You can listen to the hour HERE on a free podcast.



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LBC at 40: Iain talks to Brian Hayes

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Suzanne Moore, Julie Burchill, Lynne Featherstone & Transsexuals - Time For Some Perspective

13 Jan 2013 at 17:36

Let me say from the start, that I have never been a fan of Julie Burchill. I started one of her books once but didn’t last long. Puerile rubbish. I’ve always thought her writing to be ordinary in the extreme, and have struggled to understand why she appears to be so popular. The only conclusion I can come to is that she likes to shock. And she’s done it again today with her trenchant defence of her friend Suzanne Moore.

Just to bring you up to date, Suzanne Moore wrote an article in the New Statesman, headlined SEEING RED: THE POWER OF FEMALE ANGER. Well it wasn’t female anger that she provoked, it was transsexual anger. In the article, Suzanne wrote this…

Caitlin Moran’s bestselling How to Be a Woman is a brilliantly funny read because it is so warm and not really very angry towards men. We can all be dudes. But former Sex Pistol John Lydon’s chant , “anger is an energy”, is still my cri de coeur. The cliché is that female anger is always turned inwards rather than outwards into despair. We are angry with ourselves for not being happier, not being loved properly and not having the ideal body shape – that of a Brazilian transsexual. We are angry that men do not do enough. We are angry at work where we are underpaid and overlooked. This anger can be neatly channelled and outsourced to make someone a fat profit. Are your hormones okay? Do you need a nice bath? Some sex tips and an internet date? What if, contrary to Sex and the City, new shoes do not fill the hole in your soul? What if you aspire to another model of womanhood than the mute but beautifully groomed Kate Middleton? What if your anguish is not illogical but actually bloody spot on?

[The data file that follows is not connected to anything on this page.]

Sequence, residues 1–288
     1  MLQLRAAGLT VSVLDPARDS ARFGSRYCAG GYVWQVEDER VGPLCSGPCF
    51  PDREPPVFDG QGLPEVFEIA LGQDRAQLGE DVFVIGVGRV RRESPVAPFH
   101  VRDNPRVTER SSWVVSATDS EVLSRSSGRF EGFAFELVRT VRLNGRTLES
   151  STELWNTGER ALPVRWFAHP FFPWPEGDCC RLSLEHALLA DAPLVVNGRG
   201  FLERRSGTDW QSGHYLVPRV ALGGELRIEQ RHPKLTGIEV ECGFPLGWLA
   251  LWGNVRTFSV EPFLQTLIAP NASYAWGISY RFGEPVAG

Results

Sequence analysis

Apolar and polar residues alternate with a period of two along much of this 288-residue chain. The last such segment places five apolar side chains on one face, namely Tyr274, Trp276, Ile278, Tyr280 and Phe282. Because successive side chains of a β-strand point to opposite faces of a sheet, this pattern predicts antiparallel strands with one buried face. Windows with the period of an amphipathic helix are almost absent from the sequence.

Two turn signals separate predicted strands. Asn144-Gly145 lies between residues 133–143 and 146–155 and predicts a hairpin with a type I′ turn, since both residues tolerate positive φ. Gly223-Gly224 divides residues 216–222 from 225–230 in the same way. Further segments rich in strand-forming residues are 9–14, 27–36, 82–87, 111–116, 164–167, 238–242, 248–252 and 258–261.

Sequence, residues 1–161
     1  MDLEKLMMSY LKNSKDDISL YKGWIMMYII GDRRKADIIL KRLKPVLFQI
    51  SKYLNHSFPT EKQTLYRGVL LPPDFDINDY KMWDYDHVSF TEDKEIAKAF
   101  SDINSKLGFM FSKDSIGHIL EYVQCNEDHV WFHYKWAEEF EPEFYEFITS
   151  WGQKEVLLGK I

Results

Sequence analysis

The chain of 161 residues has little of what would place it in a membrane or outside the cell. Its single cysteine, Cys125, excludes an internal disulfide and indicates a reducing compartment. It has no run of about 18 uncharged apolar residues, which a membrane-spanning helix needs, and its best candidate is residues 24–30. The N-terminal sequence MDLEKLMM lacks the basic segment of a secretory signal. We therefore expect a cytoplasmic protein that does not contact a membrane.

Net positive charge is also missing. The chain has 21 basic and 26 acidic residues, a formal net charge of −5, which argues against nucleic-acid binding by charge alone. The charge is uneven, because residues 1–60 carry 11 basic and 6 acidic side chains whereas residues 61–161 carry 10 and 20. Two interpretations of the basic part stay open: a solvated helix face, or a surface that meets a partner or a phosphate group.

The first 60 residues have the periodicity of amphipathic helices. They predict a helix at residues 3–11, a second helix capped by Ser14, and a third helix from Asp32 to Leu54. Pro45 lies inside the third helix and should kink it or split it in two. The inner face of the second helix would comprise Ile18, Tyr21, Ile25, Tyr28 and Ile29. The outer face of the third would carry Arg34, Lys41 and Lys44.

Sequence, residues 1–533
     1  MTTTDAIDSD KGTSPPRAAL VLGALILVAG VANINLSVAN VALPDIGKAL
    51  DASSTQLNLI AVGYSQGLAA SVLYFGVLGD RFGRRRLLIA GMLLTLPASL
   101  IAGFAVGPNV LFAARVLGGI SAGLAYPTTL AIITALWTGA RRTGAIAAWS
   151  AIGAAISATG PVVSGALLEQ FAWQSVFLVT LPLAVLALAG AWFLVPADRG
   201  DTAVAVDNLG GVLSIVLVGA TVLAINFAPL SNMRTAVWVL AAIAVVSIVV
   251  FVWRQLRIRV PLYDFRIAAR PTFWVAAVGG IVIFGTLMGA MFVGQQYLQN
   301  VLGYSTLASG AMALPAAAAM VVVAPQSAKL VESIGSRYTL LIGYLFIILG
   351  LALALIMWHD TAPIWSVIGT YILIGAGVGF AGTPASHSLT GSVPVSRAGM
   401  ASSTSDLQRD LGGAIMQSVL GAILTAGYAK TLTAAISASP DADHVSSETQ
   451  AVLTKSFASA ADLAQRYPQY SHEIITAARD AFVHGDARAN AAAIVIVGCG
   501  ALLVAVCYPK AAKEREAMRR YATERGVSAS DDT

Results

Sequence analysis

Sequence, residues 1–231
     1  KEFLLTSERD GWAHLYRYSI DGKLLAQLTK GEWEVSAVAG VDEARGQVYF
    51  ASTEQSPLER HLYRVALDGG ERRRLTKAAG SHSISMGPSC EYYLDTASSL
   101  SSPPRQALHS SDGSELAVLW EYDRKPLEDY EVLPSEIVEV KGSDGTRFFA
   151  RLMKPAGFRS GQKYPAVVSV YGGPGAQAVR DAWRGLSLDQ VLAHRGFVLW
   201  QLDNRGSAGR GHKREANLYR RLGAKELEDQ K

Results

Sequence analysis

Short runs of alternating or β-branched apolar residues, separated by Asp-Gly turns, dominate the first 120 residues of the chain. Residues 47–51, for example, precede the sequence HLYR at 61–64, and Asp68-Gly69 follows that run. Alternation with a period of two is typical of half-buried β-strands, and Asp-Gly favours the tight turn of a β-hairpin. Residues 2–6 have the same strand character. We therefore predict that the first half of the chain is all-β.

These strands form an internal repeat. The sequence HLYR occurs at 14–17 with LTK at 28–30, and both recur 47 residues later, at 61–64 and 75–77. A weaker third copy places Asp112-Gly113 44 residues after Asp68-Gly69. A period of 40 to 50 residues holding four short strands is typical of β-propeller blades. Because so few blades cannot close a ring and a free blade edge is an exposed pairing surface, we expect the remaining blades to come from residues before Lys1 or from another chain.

Did you spot her offence there? If it hadn’t been pointed out to me, I’m not sure I would have to be honest. For clarity, it was the bit about the Brazilian transsexual. Now I am not wholly familiar with what Brazilian transsexuals look like – I must watch more porn – but I am assuming she means they have a perfect hour glass body figure. But it sent the transgender community into orbit. They were offended. Offended, I say. Some of them were so offended that they deluged Suzanne Moore with threatening tweets. So threatening that they drove her off Twitter. Now I don’t know if you have ever met Suzanne Moore, but she is a woman not easily intimidated. But this vicious hate mob achieved their goal and silenced her purely because they had the temerity to be offended over what most reasonable people would have regarded as a fairly harmless comment. How they imagine it was an incitement to hate transsexuals, Christ alone knows.

Anyway, in with her size nines waded Julie Burchill. This is a woman who really does know how to offend. Here are a few choice excerpts from her provocatively headline (TRANSSEXUALS SHOULD CUT IT OUT) article in today’s Observer

I was incredulous to read that my friend was being monstered on Twitter, to the extent that she had quit it, for supposedly picking on a minority – transsexuals. Though I imagine it to be something akin to being savaged by a dead sheep, as Denis Healey had it of Geoffrey Howe, I nevertheless felt indignant that a woman of such style and substance should be driven from her chosen mode of time-wasting by a bunch of dicks in chicks’ clothing.

To my mind – I have given cool-headed consideration to the matter – a gaggle of transsexuals telling Suzanne Moore how to write looks a lot like how I’d imagine the Black and White Minstrels telling Usain Bolt how to run would look. That rude and ridic.

I must say that my only experience of the trans lobby thus far was hearing about the vile way they have persecuted another of my friends, the veteran women’s rights and anti-domestic violence activist Julie Bindel – picketing events where she is speaking about such minor issues as the rape of children and the trafficking of women just because she refuses to accept that their relationship with their phantom limb is the most pressing problem that women – real and imagined – are facing right now.